FAQs (Frequently Asked Questions)
Solenoids can be controlled using a manually operated electrical on/off switch. However, this sometimes is not sufficient so some may use a more complex control board that digitally sets the valve to operate at time intervals, or even when certain conditions are met. For example, they could be programmed to respond to a signal from a pressure switch. Solenoid valves can be controlled by a computer, which makes them easier to integrate into Industry 4.0 systems.
Solenoid valves are electrically operated valves that exhaust air that remains in a compressed air circuit when the compressor is idle. They are also referred to as electrically operated valves because they allow electrical current to pass through the solenoid coil that generates a magnetic field that causes a metal rod to actuate, and release air.
There are typically two main types of solenoid valves, direct-acting and piloted. However, piloted valves can also be split into internally and externally piloted types.
Additional valve reading:
- Types of Compressed Air Valves – Guide To Pneumatic Valves
- Pneumatic Flow Control Valves – What Are They, How Do They Work?
- Air Compressor Air Line Non-Return valves/Inline (In The Air Line) Air Check Valves Explained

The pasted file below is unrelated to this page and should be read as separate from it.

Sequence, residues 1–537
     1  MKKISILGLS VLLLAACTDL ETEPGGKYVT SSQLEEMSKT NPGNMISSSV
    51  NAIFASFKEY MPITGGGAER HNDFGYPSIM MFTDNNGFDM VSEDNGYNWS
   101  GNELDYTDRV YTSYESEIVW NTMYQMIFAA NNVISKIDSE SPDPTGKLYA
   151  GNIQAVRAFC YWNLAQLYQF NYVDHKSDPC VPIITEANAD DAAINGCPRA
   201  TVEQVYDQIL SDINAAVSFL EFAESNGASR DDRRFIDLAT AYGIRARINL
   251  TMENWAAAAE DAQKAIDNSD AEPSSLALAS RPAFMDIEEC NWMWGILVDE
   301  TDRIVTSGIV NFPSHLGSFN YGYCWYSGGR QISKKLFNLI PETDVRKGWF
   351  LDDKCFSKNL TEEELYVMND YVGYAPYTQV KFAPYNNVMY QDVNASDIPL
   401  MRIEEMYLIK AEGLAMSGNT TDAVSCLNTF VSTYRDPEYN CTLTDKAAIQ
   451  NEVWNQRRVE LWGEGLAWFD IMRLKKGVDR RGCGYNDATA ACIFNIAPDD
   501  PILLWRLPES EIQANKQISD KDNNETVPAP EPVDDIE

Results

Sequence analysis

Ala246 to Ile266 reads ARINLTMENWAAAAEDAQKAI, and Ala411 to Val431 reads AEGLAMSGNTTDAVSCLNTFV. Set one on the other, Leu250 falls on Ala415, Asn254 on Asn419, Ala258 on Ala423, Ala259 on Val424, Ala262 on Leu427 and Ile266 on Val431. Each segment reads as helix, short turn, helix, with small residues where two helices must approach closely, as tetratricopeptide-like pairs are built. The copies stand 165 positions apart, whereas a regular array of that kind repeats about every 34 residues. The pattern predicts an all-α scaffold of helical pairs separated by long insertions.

- Check Valve Sizes
- What is Check Valve Cracking Pressure
- Air Compressor Troubleshooting Check Valve
- Air Compressor Unloader Valve Explained
- Unloader Valves On Twin V Piston Compressor Guide
- 5 3 Valves Explained
- 5-2 Air Valves
- 4-2 Compressed Air Valves
- 3-2 Air Valves
- Drawing a 5/3 compressed air valve
- Draw A 5/2 Air Valve
- Pneumatic Soft Start Valves
- Compressed Air Solenoid Valve Guide
- Air Compressor Auto Drain Valves Guide
- Needle Valve vs Ball Valve
- Globe Valve vs Ball Valve
- Globe Valve vs Gate Valve
- Butterfly Valve vs Gate Valve
If you have any questions regarding solenoid valves, please leave a comment below, with a photo if applicable, so that someone can help you!
Thanks for explaining that solenoid valves use magnetic forces. My friend mentioned needing one for work. I’ll share your article with him so he knows more about how solenoid valves work to help him find the best one.
That was a great read! Solenoid valves are control mechanisms that either shut off or enable fluid flow when electrically energized or de-powered. Among the many advantages of solenoid valves are their low energy consumption, compatibility with AC or DC voltage, and, most crucially, their ability to be controlled remotely.